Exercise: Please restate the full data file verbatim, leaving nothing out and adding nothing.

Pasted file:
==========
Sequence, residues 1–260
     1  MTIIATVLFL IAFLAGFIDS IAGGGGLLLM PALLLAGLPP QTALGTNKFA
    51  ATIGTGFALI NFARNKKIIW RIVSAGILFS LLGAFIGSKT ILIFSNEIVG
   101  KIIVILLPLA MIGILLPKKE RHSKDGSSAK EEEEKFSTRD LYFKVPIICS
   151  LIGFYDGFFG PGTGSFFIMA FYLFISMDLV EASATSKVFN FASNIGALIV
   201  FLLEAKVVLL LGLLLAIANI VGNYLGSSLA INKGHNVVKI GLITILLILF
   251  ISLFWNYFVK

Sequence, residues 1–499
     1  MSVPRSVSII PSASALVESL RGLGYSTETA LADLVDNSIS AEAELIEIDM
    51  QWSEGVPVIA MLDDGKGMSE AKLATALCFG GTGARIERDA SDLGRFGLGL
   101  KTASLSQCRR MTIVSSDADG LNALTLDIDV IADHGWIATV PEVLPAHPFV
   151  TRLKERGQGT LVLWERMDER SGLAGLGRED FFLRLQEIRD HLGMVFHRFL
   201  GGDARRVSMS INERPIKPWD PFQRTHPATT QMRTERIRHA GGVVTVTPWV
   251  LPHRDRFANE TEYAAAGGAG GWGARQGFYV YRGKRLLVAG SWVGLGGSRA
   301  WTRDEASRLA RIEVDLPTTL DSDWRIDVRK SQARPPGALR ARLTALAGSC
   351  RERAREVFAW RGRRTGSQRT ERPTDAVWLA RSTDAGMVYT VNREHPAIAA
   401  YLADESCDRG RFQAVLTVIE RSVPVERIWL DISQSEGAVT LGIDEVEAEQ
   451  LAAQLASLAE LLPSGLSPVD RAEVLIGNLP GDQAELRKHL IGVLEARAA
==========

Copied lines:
Sequence, residues 1–260
     1  MTIIATVLFL IAFLAGFIDS IAGGGGLLLM PALLLAGLPP QTALGTNKFA
    51  ATIGTGFALI NFARNKKIIW RIVSAGILFS LLGAFIGSKT ILIFSNEIVG
   101  KIIVILLPLA MIGILLPKKE RHSKDGSSAK EEEEKFSTRD LYFKVPIICS
   151  LIGFYDGFFG PGTGSFFIMA FYLFISMDLV EASATSKVFN FASNIGALIV
   201  FLLEAKVVLL LGLLLAIANI VGNYLGSSLA INKGHNVVKI GLITILLILF
   251  ISLFWNYFVK

Sequence, residues 1–499
     1  MSVPRSVSII PSASALVESL RGLGYSTETA LADLVDNSIS AEAELIEIDM
    51  QWSEGVPVIA MLDDGKGMSE AKLATALCFG GTGARIERDA SDLGRFGLGL
   101  KTASLSQCRR MTIVSSDADG LNALTLDIDV IADHGWIATV PEVLPAHPFV
   151  TRLKERGQGT LVLWERMDER SGLAGLGRED FFLRLQEIRD HLGMVFHRFL
   201  GGDARRVSMS INERPIKPWD PFQRTHPATT QMRTERIRHA GGVVTVTPWV
   251  LPHRDRFANE TEYAAAGGAG GWGARQGFYV YRGKRLLVAG SWVGLGGSRA
   301  WTRDEASRLA RIEVDLPTTL DSDWRIDVRK SQARPPGALR ARLTALAGSC
   351  RERAREVFAW RGRRTGSQRT ERPTDAVWLA RSTDAGMVYT VNREHPAIAA
   401  YLADESCDRG RFQAVLTVIE RSVPVERIWL DISQSEGAVT LGIDEVEAEQ
   451  LAAQLASLAE LLPSGLSPVD RAEVLIGNLP GDQAELRKHL IGVLEARAA